The DJ show was created by accident way back in 1986.
An old friend of ours just reopened a bar out on Hwy. 6 & 84th Street. It had originally belong to her father, Stan and was called “Stan’s Lounge.” It had been leased out a lot too, I forget how many managers went through there along with just as many bar names over the past few years. Well, it was now back to the original family and the original name, “Stan’s Lounge.”
They hired a new DJ and fired them the same night he started. “What to do, oh, what to do.” Rebecca and I were in the lounge for that first week and the owner knew we had lots of records, but no DJ experience. She asked if we would be interested in filling in for a while until they could find a regular DJ.
Rebecca jumped right on that idea.
And we went home, tore apart our nice stereo system, 100 watt per channel SAE amp, Marantz turntable, Jensen 3 way speakers, Sharp computerized auto search cassette deck, Yamaha headphones, and bought an old Shure mic.
Now as Rebecca tells the story, the mic was a waste of money. I was way too shy to even think about turning it on, let alone saying anything. And when she did get me to say something it was awful. I didn’t know what to say. I didn’t know anything about the songs or the artist. I was anything but a DJ. Rebecca grew up with music and in her era, everyone learned the history of the song, the history of the artist, the little things about “cover notes,” and all of that trivia stuff. When I grew up we listened to the radio – (AM Radio) – and that was it. I didn’t care about any of the trivia stuff. If I heard a song and liked it…. that was all. Why would I ever need to know any of that? (I said the same thing about Trig and Calculus).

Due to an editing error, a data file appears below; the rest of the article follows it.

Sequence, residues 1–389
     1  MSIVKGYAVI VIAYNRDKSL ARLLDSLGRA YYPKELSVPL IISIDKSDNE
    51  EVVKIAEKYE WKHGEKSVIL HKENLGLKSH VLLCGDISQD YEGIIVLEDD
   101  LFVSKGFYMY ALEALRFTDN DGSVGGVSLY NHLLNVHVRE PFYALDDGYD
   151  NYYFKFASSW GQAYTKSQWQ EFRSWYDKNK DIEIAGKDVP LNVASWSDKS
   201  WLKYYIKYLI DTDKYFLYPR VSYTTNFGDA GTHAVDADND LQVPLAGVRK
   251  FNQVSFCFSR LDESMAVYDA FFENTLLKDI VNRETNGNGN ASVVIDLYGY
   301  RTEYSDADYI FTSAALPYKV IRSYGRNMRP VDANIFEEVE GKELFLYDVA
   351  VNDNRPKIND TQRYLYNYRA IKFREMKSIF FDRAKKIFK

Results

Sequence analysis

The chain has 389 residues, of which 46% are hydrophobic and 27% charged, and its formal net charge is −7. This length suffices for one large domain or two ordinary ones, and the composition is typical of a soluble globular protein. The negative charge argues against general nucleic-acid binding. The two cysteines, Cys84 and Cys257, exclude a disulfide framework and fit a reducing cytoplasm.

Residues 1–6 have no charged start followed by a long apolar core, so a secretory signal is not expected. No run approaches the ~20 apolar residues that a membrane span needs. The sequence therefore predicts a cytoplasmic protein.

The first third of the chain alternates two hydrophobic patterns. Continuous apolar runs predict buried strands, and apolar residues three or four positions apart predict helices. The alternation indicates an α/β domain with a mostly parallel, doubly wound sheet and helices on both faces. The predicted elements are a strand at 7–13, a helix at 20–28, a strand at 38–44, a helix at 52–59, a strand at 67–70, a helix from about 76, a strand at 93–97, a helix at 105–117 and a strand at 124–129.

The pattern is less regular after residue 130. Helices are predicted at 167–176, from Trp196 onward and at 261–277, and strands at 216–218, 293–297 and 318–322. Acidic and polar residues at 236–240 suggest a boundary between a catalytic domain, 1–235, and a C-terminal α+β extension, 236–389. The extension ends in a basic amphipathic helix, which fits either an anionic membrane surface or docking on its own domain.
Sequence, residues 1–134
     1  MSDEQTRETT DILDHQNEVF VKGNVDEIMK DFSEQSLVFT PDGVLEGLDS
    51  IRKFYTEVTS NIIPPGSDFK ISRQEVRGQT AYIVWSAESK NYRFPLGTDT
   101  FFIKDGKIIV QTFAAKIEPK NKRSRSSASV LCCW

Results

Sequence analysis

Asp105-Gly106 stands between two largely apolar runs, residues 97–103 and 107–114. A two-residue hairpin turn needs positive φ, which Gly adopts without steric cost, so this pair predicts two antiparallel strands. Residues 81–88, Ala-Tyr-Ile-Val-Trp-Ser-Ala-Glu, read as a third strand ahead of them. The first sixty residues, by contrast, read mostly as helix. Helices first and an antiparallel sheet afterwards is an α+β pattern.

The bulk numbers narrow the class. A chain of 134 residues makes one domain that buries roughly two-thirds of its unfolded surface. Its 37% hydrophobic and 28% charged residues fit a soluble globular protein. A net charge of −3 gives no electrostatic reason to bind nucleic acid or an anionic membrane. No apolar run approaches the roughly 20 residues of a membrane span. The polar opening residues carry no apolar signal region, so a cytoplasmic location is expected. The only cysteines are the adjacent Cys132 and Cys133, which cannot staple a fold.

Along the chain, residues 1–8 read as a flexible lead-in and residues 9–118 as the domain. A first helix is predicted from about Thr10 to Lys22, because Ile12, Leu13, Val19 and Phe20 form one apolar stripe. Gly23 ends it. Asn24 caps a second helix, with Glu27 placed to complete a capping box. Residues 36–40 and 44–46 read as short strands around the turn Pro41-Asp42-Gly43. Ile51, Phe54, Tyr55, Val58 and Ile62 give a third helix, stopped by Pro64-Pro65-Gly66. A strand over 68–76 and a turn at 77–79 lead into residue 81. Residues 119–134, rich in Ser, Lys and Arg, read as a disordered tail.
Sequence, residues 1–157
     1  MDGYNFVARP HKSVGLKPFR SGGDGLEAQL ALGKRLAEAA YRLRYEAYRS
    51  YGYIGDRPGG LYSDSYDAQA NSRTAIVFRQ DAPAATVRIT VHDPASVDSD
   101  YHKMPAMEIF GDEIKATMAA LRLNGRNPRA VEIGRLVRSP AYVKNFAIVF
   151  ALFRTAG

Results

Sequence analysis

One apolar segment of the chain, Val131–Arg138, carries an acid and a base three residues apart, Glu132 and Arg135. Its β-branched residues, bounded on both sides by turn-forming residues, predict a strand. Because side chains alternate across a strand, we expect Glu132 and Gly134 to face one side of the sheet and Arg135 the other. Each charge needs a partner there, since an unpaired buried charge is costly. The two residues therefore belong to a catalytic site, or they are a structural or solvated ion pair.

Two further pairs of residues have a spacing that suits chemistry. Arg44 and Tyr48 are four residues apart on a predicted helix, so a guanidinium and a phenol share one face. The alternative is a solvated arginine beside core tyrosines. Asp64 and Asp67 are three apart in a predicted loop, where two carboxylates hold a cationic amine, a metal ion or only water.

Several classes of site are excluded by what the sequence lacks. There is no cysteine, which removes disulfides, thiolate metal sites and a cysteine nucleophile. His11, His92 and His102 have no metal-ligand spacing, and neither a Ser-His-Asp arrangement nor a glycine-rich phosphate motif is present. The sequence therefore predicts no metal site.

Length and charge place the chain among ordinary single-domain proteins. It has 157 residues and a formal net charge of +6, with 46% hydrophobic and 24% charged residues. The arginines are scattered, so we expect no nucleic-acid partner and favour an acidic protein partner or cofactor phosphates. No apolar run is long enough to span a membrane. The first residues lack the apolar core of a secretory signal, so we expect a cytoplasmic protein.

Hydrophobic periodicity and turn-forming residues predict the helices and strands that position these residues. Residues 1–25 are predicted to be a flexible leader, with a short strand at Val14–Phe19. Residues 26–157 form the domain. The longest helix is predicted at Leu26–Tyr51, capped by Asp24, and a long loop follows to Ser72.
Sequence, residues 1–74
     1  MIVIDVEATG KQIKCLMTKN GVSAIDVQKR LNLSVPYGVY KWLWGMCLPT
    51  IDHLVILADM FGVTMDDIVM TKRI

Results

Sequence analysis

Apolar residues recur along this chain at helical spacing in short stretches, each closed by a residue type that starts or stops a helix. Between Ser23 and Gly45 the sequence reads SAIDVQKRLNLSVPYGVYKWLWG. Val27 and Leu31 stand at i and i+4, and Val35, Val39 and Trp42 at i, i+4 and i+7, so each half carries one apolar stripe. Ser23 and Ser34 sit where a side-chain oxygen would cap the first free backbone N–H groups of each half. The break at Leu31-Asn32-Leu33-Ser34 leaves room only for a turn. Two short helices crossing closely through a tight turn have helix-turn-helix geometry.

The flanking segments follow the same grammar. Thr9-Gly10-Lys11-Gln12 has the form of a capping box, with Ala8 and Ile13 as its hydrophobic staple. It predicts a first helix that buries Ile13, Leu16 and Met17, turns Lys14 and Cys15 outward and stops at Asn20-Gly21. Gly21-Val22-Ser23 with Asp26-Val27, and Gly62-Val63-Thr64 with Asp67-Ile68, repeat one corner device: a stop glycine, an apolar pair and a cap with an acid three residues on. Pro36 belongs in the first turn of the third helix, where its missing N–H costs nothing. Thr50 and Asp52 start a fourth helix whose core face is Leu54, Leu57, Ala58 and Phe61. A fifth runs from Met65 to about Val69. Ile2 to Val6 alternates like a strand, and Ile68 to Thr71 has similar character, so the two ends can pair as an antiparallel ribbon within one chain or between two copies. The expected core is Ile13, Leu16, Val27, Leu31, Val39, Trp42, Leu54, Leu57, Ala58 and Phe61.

Late at night, after a show, Rebecca would turn on the radio (FM Stereo) and quiz me on the song titles and the artists and the era (not the exact year) as I was going to sleep. Imagine what kind of dreams that can make! As the year went on we filled in for the lounge 2 or 3 times a month. Then came along a lounge that was looking to change from country to old Rock’n Roll.
The Holiday Inn – Northeast
The idea of going into a lounge (called Pardner’s) and changing it from country to rock without any announcement to the regular crowd reminded me of the old “WKRP” Dr. Johnny Fever show where he scratched the record and started to rock. I still laugh when I think about it. Well, that is just what we did every Thursday, Friday & Saturday and we made a lot of new friends and we made a few enemies (the old country dancers were not very happy.) They wouldn’t let us play any country and that was just fine with me. I didn’t know anything about any country music in 1988. The gig at the Holiday Inn went for over 18 months. During that time we learned a lot about dance music, crowd participation, equipment, sound & lighting and working with bar staff & management. We also saved our money and converted from albums, 45’s and tapes to dual CD-Players and a whole whopping 90 CD’s. (At the time it seemed like a lot…and it was, because CDs were a new thing). We didn’t use any of our own equipment (except the CD-players and our music) at the Holiday Inn so we built up a system to use for private parties. Grundorf case, small amp, Gemini Mixer, JBL G714 speakers, two Ultimate speaker stands, two professional turntables, dual CD-players, and a small Stagecraft lighting array. It was a very nice setup for the times.
Off into the Mobile DJ World
We got our first “private” gig, a monthly single’s dance, sponsored by Parents Without Partners. They used to come out to the lounge to dance. It must have been better than whoever was doing it before because we did those once a month dances for years and years. And we loved them! We could really let our hair down, relax and get to know the regulars.
In the early days, we only had two or three jobs a month and whenever I needed to haul equipment I would rent a small enclosed trailer and hook it to the back of my little gold Honda Civic. As things grew, I finally had to buy a station wagon in order to carry this growing company’s equipment. (It really did seem like a lot back then).